Merchant Rewards Programs – How Did They Perform this Holiday Season?

January 1, 2011 · 0 comments

I’m a member of many store rewards/loyalty programs and it was interesting to see how they approached their membership in the fourth quarter to try to drive sales.

RewardsRUs is the loyalty program for, as you can guess, ToysRUs and BabiesRUs.  They’ve been tinkering with their rewards program since its inception.  This fourth quarter, they focused on one simple message:  earn 10% in rewards for your purchases.   They sent members emails reminding them about the program, and they offered a few perks for RewardsRUs members including opening an hour early on certain days and members-only coupons for in-store use.  I give them a B for their holiday campaign.  While the perks weren’t that special, their consistent messaging of 10% rewards and fairly frequent emails to keep them top-of-mind were IMHO a solid effort.

ShopYourWay Rewards is the loyalty program for Sears, Kmart, and Lands End.  Their program benefits are more difficult to understand — purchases earn points that are redeemable for discounts on future purchases, but the number of points you earn is variable because they’re always doing some sort of promotion with extra points per dollar on purchases in certain categories.  1,000 points = $1.  QUICK, what’s “3x points” worth?  What about 5x?  Who likes doing the math?  SYWR does a decent job of communicating promotions with their members, and associates are pushing the program pretty heavily in stores, but if it’s not idiot-proof simple, it’s just not an effective program IMHO.  I give these guys a C on their holiday season promotions, but a D on the program overall.  It’s just too hard to understand, which makes it non-motivational.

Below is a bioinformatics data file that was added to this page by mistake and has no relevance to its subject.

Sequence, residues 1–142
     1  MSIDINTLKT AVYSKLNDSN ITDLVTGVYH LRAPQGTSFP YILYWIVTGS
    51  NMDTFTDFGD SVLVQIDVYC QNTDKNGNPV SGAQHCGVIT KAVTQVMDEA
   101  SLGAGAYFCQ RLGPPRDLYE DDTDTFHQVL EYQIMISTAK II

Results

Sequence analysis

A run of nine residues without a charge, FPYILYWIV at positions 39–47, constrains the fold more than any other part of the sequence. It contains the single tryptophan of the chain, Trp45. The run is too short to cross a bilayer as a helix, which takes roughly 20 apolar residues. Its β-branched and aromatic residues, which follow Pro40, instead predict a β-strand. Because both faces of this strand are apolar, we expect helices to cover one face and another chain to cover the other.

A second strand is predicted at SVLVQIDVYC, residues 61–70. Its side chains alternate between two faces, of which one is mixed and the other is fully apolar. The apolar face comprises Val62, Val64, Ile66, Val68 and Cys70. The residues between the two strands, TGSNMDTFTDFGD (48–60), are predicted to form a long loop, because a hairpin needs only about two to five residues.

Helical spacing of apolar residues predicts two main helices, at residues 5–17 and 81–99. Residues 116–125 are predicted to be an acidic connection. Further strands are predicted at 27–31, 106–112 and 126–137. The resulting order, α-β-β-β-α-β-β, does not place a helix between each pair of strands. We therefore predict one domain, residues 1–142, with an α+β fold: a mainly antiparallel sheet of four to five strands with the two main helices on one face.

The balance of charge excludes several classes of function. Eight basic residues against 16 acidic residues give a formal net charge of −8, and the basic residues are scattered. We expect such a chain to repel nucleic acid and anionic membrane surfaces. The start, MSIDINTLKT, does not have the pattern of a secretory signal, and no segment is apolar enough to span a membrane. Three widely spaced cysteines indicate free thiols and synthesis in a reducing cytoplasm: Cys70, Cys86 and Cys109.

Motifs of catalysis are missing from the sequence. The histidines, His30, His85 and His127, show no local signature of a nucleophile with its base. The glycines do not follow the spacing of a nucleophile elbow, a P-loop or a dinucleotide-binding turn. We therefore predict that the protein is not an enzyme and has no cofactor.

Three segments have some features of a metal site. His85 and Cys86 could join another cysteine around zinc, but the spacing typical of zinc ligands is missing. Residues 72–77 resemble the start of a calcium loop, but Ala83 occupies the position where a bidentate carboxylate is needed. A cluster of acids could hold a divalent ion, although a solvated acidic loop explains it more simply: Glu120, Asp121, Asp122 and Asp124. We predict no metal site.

RewardZone is Best Buy’s loyalty program.  Their fourth quarter promotions?  I didn’t know they had any.  I’m sure they did — if you log into the MyRewardZone website you can click on Offers and Partners and see extra point-earning opportunities, but did I get an email about any of them, all fourth quarter long?  Not one.  Oh, but I did read on a deal forum that if I logged into my RewardZone account I’d find an unexplained free $10 RewardZone certificate.  Which I did.  What was up with that?  NO communication from RewardZone by email, one or two snail-mails with in-store coupons, and they did ask me at the checkout if I had a card, but that was it.  What’s the point of having a rewards program if you’re not going to use it to motivate people to shop?  These guys get an F for their fourth quarter promotions.

JCPrewards is JCPenney’s free rewards program.  This is another program that really missed an opportunity to market to their most loyal members by just NOT communicating.  Their member perks were slim:  they offered a giveaway in Nov. and one in Dec. that you had to be a rewards program member to enter, and they had a 5-hour-only promotion for rewards members with additional savings of up to 25% depending on your order total.  That, and a monthly account statement, was the extent of their rewards program communication with members  in November and December.  It seems like JCP is more interested in using their mobile coupons to drive sales.  If you’re not going to use your loyalty program to drive sales during the busiest shopping season of the year, why do you have it?  JCPrewards gets a D.

Borders Rewards is one of the programs that’s doing it right.  They have frequent, short-term coupons for rewards program members that are higher value than those available to the public.  They send out emails all of the time — several a week (almost too many).  They do a great job of explaining the perks of their upgraded (paid) rewards membership and they are valuable:  additional savings on books but most valuable IMHO is free shipping on any order all the time.  They push both rewards programs, free and paid, in-store and online.  Redemption is easy and unlike some other programs (ahem, JCPrewards), they email to let you know when you’ve earned a reward.  The only ding I can offer these guys is that their RewardsPerks program is poorly explained.  I don’t get it at all, but I see it as being ancillary to the main purpose of driving sales at Borders.  Aside from RewardsPerks, Borders Rewards gets an A+.

Agree with my assessment?  Disagree?  I’d love to hear from you in the comments!

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